Has there ever been a lesson you learned in life not from experience, but from observation? Whether it was from watching older siblings get grilled at the breakfast table after sneaking in past curfew or witnessing an unfortunate fallout between friends in the thick of high school drama, it’s human nature to take in others’ mistakes and try to learn rather than repeat. Growing up with a large extended family, I most definitely learned a thing or two from some older cousins’ missteps. (Shout out to my cousin Ryan for sparing me the experience of setting the Thanksgiving table on fire thanks to a poorly-aimed napkin wad!)
Sometimes we get lucky enough to avoid the messiness of making mistakes ourselves by seeing the mistakes others have made, taking note of how the situation could have been avoided, and putting that mindset into practice. From the Thanksgiving table to our own business practices, it’s a lesson that rings true.
We’ve all heard about the companies of the last decade or so that have failed–whether it was failure to keep up with technology trends, listen to their customers, or keep up financially–and landed themselves in the “failed-to-innovate” graveyard. We actually covered a few major examples in our infographic, The Survivors of Tech, but I wanted to take some time to dive a little deeper into a few of their stories.
Blockbuster & Netflix
I find that this story is one that most people turn to when citing companies that lost big in times of change. Maybe that’s because it’s a change that happened right before our eyes–and fast. We all remember trading in our Blockbuster cards for Netflix accounts. We witnessed hundreds of Blockbuster stores close their doors in 2012 (and, if you’re like me, you ended up with a few armfuls of $1 DVDs). The assumption was that Blockbuster was blindsided by the sudden shift in technology to streaming models like Netflix, but in reality…Blockbuster had more than a decade to see it coming.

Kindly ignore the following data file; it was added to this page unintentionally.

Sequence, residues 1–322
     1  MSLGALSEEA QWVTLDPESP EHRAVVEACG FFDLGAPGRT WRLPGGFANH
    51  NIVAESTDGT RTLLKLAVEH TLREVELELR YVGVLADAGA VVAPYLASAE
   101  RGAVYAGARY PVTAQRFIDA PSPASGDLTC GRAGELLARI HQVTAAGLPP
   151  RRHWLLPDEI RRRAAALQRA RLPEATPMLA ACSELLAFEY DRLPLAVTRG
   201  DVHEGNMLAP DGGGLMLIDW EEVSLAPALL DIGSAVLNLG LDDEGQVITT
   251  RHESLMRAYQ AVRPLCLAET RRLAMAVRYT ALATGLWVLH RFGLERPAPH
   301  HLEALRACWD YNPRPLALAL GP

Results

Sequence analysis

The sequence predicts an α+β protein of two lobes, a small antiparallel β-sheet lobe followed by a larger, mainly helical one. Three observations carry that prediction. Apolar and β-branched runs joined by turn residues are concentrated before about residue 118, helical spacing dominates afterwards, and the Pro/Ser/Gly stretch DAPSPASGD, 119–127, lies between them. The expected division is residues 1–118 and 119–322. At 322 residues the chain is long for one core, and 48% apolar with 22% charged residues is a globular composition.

In 1999, there were rumblings of digital bringing significant change to the movie rental industry. Blockbuster called investor concerns “overstated”, waving off a $50 million buyout offer from Netflix co-founder Reed Hastings. Then-Blockbuster CEO John Antioco was convinced that the digital space for streaming was niche, recalls Netflix CFO Barry McCarthy.
“Reed had the chutzpah to propose to them that we run their brand online and that they run [our] brand in the stores and they just about laughed us out of their office.” Barry McCarthy
It’s a part of the story that is often overlooked – Blockbuster had the chance to pair up with Netflix and win big, but instead it stuck to what was working at that moment in time, and failed to see consumer behaviors shifting.
Ok, so now you know the real story behind why Netflix won over Blockbuster in the end, and as businesses in this time of rapid change, we’re all just one misstep away from joining Blockbuster in that failed-to-innovate graveyard. So, other than learning from other’s mistakes, what can we do?
- Keep a pulse on technology and industry trends
- Dive into what went wrong for those failed companies (most of the time, it goes much deeper than a simple “they couldn’t keep up”)
- Take stock of where your company’s innovative practices currently stand
- Become a change champion